Almost a year ago, a burger chain, Caliburger, announced that it will employ a unique worker to date, which will be a robot named Flippy. Recently, the robot, Flippy has finally graduated from this training and now working as a cook in the burger joint. The AI-based robot from Miso Robotics will be working with the human crew of the restaurant. Since September 2017, Flippy has practiced and learned at Caliburger’s Pasadena restaurant. The robot was hired as a full-time staff recently.
The CEO of Miso Robotics who created Flippy with Cali Group, David Zito, said, “People see a robot, they hear robot, they assume job replacement. This isn’t about replacing jobs. This is about a third hand in the kitchen.” More companies are looking to get more hands in the kitchen as the partnership with Caliburger and interest from many other companies has given Miso Robotics funds of almost $14 million. Flippy can help close a gap between the high turnover rates which are associated with being a line in the cooking industry as fast-paced as quick the service is.
Zito said in an interview, “Flippy is novel, but definitely not a novelty. As it improves its speed and skillset over time such as frying, chopping and grilling menu items and adding seasoning or cheese to patties, CaliBurger will see an increase in productivity. In addition, we’ve modeled our pricing based off expected value each robotic kitchen assistant can provide at scale.” Despite the efficiency, precision and general ‘happy’ persona of the robot. Many workers have pointed out the hypocrisy of employers to invest in robots and not in the real humans.
Flippy costa $60,000 and this price is certainly much more than what an average cook can make in one year. Miso Robotics also ask the owner of Flippy to invest in a 20% recurring annual fee for the maintenance and service of Flippy. If the companies are investing such huge amounts in the robots which are much more expensive than humans, people are wondering if humans are also going to get such investments ever or not.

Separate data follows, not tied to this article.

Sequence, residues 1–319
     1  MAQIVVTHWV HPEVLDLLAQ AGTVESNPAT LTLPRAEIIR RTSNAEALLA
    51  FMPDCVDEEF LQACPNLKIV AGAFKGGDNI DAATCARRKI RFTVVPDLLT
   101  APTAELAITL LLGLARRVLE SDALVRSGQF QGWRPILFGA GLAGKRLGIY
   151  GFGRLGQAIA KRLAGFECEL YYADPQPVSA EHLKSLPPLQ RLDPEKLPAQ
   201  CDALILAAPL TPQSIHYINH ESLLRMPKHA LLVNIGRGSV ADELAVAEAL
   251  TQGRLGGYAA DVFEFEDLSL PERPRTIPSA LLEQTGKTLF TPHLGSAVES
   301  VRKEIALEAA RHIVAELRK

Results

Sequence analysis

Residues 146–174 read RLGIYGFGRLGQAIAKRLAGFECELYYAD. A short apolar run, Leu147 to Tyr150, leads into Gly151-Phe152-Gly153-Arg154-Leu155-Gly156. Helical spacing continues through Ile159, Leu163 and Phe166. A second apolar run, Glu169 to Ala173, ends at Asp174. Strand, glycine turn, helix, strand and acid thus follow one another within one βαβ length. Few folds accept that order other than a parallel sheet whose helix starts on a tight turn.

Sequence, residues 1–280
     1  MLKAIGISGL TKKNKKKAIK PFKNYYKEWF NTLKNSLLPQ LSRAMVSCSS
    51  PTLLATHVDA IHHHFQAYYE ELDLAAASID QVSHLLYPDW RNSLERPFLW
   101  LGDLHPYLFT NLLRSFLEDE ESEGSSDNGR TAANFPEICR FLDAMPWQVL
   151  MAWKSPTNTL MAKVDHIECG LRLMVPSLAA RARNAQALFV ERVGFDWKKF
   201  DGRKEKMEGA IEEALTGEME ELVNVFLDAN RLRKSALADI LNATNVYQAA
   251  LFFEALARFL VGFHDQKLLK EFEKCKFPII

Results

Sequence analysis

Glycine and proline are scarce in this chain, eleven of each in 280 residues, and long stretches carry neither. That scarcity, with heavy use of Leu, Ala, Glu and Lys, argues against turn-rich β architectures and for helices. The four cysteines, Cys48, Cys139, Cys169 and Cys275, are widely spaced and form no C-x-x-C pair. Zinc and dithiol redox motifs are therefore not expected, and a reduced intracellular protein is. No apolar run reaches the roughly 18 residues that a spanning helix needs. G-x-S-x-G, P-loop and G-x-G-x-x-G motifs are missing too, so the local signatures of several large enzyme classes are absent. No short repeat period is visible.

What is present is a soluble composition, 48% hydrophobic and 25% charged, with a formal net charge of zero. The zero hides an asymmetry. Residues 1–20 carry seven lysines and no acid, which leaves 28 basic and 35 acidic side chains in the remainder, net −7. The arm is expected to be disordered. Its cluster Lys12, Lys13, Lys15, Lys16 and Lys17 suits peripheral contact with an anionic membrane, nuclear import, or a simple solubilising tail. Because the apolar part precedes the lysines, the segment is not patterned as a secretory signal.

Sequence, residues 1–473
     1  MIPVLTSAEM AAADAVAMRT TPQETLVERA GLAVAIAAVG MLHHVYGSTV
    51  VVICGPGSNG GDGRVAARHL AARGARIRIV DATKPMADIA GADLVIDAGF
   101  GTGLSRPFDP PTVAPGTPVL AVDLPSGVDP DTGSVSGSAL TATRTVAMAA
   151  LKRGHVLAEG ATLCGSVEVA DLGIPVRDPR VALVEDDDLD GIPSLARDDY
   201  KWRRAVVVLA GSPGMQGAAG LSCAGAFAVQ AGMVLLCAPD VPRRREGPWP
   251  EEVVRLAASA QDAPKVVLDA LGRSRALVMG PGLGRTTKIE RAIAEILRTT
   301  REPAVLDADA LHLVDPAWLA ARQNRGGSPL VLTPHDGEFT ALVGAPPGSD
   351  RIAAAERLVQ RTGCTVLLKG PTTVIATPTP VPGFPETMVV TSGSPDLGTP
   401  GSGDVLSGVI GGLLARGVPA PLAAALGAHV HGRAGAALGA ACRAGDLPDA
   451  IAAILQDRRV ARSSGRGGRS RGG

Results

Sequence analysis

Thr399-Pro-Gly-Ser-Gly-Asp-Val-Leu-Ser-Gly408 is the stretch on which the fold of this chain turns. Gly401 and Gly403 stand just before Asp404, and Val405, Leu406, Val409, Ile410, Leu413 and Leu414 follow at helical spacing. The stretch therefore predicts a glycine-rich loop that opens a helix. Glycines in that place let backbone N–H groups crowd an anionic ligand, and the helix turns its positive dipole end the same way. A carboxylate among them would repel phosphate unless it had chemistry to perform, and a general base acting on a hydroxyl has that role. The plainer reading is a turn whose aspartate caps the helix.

In the US, various states are trying to raise the minimum wages to $15 per hour so that people can earn something better each day. Getting a new job cannot work because of the lack of jobs in the market. A McDonald’s worker from Detroit who was an active worker in the union-backed Fight for $15 movement, said in an interview, “People who work in fast-food aren’t scared of robots – what’s really scary is getting paid so little we need food stamps and public assistance to take care of our families.”
Miso Robotics and other leaders in the Cali Group are not intending to replace the humans. They say that they want to provide stability for other customers and other employees. John Miller, CEO of Cali Group said, “We train them, they work on the grill, they realize it’s not fun…and so they leave and drive Ubers.” Miller said that he will bring the robots to other restaurants in Seattle, Washington D.D., Annapolis, and Baltimore.